Former Sen. Judd Gregg (R-N.H.) said Monday that the debt ceiling should not be used as leverage by Republicans in discussions on the so-called fiscal cliff, a stance that puts him at odds with his party's current negotiating on the automatic tax increases and spending cuts set to take effect on Jan. 1.
When asked on MSNBC's "The Daily Rundown," whether a debt ceiling increase should be a bargaining chip, Gregg said, "Personally -- no. I happen to think that when your credit card comes due, you pay the bill."
Gregg was asked about Sen. Lindsey Graham's (R-S.C.) appearance on "Fox News Sunday," during which Graham indicated that he would not vote for a debt ceiling increase unless entitlement spending is reformed. "Why would I raise the debt ceiling again unless we address what put us in debt to begin with? I'm not going to raise the debt ceiling unless we get serious about keeping the country from becoming Greece, saving Social Security and Medicare," Graham said.
Gregg said he sympathized with Graham's frustration, and he characterized the senator as "extremely responsible."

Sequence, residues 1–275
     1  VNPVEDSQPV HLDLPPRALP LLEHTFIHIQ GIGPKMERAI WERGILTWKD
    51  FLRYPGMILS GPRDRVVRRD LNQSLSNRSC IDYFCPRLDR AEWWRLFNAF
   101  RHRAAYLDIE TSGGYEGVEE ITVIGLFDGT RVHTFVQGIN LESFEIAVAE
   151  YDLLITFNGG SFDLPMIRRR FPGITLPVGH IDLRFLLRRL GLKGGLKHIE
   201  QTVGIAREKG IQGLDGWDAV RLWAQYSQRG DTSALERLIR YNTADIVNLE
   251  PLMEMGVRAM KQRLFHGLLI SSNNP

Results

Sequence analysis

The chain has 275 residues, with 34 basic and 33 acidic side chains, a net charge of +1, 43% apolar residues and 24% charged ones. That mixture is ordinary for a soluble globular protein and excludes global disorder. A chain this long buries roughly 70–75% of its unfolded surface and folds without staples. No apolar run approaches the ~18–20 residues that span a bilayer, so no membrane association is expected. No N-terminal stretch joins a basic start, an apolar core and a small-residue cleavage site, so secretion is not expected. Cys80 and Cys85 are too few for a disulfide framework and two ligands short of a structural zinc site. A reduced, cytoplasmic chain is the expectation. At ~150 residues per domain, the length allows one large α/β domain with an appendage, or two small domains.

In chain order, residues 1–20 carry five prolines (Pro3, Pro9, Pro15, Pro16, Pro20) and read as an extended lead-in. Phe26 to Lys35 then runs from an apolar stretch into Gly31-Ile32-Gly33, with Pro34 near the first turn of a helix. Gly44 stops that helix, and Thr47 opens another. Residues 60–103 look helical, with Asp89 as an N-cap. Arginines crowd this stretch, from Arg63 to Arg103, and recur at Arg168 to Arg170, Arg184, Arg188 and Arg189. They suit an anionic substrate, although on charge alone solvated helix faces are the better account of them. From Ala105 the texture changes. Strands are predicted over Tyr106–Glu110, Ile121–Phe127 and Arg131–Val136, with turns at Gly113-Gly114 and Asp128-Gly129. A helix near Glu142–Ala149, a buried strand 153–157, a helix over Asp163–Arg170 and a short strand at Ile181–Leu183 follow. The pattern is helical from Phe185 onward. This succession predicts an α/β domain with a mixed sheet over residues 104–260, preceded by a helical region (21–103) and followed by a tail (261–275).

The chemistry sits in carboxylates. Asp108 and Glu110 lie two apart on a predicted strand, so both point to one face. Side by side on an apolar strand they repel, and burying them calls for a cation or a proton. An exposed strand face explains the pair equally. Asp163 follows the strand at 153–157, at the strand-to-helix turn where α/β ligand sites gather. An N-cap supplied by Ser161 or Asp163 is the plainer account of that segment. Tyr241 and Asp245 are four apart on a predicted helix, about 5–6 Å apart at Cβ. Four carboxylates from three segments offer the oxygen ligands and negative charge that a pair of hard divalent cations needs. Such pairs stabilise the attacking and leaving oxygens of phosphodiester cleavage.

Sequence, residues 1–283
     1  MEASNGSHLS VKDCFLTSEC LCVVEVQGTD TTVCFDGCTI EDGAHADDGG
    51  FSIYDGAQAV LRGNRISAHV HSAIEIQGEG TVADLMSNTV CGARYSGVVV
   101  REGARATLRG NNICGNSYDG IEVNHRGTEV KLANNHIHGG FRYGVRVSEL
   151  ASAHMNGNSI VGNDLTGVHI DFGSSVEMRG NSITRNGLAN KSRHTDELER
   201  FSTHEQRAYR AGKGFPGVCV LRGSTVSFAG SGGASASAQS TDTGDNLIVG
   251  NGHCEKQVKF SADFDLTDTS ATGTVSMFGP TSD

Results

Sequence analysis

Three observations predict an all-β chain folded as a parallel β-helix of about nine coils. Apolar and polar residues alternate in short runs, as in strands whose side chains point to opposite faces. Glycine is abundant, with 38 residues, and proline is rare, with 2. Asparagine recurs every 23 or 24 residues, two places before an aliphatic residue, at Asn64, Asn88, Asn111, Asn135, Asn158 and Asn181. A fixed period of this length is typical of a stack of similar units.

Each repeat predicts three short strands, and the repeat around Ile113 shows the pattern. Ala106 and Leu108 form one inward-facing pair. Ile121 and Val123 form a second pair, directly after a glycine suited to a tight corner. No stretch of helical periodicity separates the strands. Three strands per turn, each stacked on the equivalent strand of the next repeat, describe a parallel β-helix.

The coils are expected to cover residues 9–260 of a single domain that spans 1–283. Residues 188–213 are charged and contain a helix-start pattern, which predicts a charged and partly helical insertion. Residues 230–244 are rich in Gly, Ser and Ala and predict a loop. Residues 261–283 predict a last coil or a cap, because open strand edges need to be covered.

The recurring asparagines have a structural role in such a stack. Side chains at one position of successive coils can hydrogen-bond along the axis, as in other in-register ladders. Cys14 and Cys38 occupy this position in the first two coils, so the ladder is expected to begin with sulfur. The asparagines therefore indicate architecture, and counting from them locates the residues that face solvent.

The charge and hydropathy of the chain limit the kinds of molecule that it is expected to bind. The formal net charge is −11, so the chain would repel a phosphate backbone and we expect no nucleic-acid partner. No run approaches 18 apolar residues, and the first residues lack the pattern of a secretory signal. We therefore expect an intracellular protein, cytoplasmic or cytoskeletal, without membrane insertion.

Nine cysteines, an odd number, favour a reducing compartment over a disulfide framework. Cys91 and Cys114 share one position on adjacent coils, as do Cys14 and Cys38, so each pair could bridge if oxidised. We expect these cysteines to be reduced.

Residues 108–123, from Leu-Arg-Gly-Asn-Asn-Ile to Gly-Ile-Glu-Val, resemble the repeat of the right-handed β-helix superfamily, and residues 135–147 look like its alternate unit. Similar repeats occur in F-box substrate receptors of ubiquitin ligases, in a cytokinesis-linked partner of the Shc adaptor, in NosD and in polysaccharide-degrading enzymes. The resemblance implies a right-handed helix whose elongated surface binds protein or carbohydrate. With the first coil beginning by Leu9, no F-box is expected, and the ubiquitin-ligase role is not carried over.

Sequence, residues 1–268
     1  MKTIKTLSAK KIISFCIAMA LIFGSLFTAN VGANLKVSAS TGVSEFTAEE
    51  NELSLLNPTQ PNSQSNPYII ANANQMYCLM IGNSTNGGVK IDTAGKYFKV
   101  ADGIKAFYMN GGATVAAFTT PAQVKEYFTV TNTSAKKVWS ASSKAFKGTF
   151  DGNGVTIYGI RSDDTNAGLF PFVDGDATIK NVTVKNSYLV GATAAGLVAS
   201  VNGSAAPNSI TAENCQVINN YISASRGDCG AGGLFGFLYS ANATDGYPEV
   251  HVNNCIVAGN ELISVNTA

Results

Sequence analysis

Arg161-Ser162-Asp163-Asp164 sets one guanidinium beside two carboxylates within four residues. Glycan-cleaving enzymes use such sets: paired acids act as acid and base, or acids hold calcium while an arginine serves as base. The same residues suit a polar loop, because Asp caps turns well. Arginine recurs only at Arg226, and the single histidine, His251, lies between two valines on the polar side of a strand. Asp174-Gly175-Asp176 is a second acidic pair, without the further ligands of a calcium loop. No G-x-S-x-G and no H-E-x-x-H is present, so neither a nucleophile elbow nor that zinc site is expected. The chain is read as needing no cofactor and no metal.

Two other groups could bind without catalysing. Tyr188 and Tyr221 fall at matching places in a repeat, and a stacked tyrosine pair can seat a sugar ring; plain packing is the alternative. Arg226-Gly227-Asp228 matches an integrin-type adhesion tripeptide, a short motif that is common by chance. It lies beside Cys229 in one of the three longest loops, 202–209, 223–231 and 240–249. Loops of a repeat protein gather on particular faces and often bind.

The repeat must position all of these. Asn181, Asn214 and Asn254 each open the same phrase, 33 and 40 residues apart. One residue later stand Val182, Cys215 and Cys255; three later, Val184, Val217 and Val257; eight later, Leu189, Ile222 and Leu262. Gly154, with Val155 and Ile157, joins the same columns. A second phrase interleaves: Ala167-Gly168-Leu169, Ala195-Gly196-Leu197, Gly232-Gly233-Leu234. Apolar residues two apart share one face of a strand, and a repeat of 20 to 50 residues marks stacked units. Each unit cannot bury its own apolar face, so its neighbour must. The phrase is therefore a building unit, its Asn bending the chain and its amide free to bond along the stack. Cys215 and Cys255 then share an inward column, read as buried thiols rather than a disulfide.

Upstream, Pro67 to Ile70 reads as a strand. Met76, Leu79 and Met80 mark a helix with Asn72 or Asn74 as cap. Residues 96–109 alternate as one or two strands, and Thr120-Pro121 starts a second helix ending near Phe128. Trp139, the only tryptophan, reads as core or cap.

"What we're seeing here is very little action on the spending side of the ledger," said Gregg.
Republicans see the debt ceiling as a bargaining chip in the ongoing negotiations, The Huffington Post's Sam Stein and Michael McAuliff reported Monday:
A major sticking point was whether to raise the country's debt ceiling -- which it will hit soon -- and what to do about the $1 trillion, 10-year budget-cut plan mandated by Congress in the last debt ceiling deal. Democrats were pushing for a year-long extension of the borrowing limit and a two-year delay of the cuts. Republicans didn't want an extension at all and were demanding some concessions, seeing the debt ceiling as their best bargaining chip.